A new rehab facility opening in West Los Angeles promises to treat drug addiction in a new and exciting way: by giving addicts drugs.

High Sobriety bills itself as “cannabis inclusive treatment” and stands in direct contrast to most treatment centers, which preach complete abstinence from mind-altering substances, including alcohol and marijuana. According to its website, High Sobriety uses marijuana to help patients detox from drugs and alcohol, and also as part of the center's continuing care:

At High Sobriety, our first and foremost goal is to eliminate the risk of death from drug use. Cocaine, heroin, methamphetamine, pharmaceuticals and other street drugs all have a lethal dose. Leading the death toll, killing more than all others combined, is alcohol. Cannabis has no known lethal dose. The simple truth is eliminating drugs with a lethal dose and using a drug with no lethal dose is a massive improvement, life improving, and life saving. For generations we have been told that cannabis is a “gateway” drug, at High Sobriety, we believe it is an exit drug.

High Sobriety was founded by Joe Schrank, a recovering addict who has been abstinent from drugs and alcohol for more than 20 years and who once worked as a counselor at Promises Malibu. He later started one of New York City's first sober-living homes, which earned him a flattering profile in The New York Times Style section in 2011 (the piece noted the facility's exposed brick walls and Restoration Hardware chairs).

Speaking to the Times, Schrank was critical of West Coast recovery: “They’re much more upbeat than we are. … I think the byproduct of their upbeat energy is a real disingenuous, superficial reality that just doesn’t exist in New York. It doesn’t totally translate culturally. I’m attempting to take what’s good and translate it to an urban mentality.”

Since then, Schrank has made numerous television appearances as an addiction expert, and even did a TEDx Talk in 2013.

We reached out to Schrank to ask about his new venture, but he declined to comment, saying he'd had multiple requests and was only giving interviews to media outlets guaranteeing “longer-form features.”

Some people in the addiction field were surprised to learn of Schrank's approach at High Sobriety.

“I’m in a state of shock,” says Dr. Howard Samuels, who used to work with Schrank at Promises; he now runs the Hills Treatment Center, a high-end facility in L.A. “We all know in the treatment field that weed is such a dangerous drug for the emotional stability of our youth.”

There are, of course, opposing viewpoints. Alternatives Addiction Treatment is one of the few established rehab facilities that does not prescribe total abstinence to all of its patients. Instead, Alternatives adheres to the “harm reduction” philosophy, where the goal for many clients is to learn how to drink in moderation.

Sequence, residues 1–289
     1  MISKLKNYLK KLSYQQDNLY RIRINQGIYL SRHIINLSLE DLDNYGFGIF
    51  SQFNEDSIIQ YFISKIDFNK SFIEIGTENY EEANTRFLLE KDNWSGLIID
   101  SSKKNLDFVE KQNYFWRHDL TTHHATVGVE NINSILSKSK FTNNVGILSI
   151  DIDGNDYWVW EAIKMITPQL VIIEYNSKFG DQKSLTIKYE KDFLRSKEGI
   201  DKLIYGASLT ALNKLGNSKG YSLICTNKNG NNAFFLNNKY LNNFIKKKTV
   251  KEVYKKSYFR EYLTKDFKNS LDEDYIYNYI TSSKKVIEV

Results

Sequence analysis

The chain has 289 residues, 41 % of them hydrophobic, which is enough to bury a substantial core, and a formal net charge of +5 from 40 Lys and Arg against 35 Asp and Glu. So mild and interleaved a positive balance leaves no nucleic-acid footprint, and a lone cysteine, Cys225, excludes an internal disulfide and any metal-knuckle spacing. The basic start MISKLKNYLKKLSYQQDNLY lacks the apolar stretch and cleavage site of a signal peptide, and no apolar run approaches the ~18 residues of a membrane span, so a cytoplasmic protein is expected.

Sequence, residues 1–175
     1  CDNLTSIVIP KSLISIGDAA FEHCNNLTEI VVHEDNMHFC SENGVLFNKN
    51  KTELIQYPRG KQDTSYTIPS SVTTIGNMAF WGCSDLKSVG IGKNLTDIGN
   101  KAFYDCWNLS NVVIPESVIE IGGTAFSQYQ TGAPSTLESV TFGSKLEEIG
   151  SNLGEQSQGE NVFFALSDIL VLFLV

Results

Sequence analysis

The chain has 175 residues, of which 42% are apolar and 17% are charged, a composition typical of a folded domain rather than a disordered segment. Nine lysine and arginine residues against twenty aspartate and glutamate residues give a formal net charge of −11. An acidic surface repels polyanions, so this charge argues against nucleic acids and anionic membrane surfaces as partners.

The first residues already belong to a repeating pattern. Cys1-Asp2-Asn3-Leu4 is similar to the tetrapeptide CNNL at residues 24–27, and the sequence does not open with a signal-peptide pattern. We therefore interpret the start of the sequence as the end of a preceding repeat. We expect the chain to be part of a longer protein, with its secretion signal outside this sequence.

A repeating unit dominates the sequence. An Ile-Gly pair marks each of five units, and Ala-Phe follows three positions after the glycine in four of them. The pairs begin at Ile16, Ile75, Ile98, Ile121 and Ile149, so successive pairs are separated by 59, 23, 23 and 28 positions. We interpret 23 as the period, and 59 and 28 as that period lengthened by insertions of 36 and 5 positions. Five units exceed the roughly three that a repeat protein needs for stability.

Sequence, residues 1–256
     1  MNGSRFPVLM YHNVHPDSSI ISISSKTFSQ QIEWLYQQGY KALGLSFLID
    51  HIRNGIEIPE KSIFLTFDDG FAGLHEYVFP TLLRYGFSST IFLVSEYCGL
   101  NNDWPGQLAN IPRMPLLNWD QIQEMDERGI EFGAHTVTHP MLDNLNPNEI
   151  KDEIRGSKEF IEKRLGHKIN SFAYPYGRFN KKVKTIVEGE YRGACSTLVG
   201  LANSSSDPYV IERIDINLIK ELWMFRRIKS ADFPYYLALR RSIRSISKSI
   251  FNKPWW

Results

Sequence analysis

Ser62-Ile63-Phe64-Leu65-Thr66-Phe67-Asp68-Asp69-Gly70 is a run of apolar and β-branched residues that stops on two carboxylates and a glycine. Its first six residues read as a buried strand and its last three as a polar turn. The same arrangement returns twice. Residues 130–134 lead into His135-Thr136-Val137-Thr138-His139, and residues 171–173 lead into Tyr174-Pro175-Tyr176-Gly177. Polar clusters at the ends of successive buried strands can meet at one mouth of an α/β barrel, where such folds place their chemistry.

“I think the requirement for full abstinence is one of the primary reasons why some people end up not seeking treatment at all,” Alternatives founder Dr. Adi Jaffe says. “Someone who’s using heroin, marijuana and alcohol, and who can stop their opiate use, we see that as progress.”

Jaffe says he isn't sure how High Sobriety will use marijuana in treating its clients, and that could make all the difference. But, he says, “I think there is definite need for harm-reduction approaches. So I’m excited that what they’re introducing is another method for that.”

Here's how High Sobriety's website describes the program's use of marijuana:

Our cannabis replacement protocol is in full compliance with law and under medical supervision. Cannabis is used for a variety of medical conditions as both treatment and symptomatic care. Cannabis can aid in the detox process, helping with discomfort, insomnia, and flu-like symptoms associated with the withdrawal process, reducing or eliminating the need for other drugs. After the initial detox, our doctor will provide a comprehensive and collaborative evaluation to determine an individual’s goals for recovery. The determination of how cannabis is used is ultimately made by the doctor, like any other medication.

Post detox, cannabis continues to be an option under medical supervision.

Yet there is little evidence that marijuana – which contrary to popular opinion can be addictive – helps drug addiction, according to Dr. Lara Ray, a professor of psychology at UCLA who focuses on addiction research.

“As with many other applications of cannabis, it’s not grounded in science,” Ray says. “We do know that folks who have a propensity to abuse one substance will likely abuse another. Having a substance like marijuana with a high abuse potential cannot be a favorable thing, in my opinion.”

Prescribing marijuana to a drug addict, she says, is “very counterintuitive, and potentially quite dangerous.”

“This is really the No. 1 fact about our field that worries me,” Ray says. “The treatments out there, for the most part, don’t represent the science. … This [industry] is not well regulated.”

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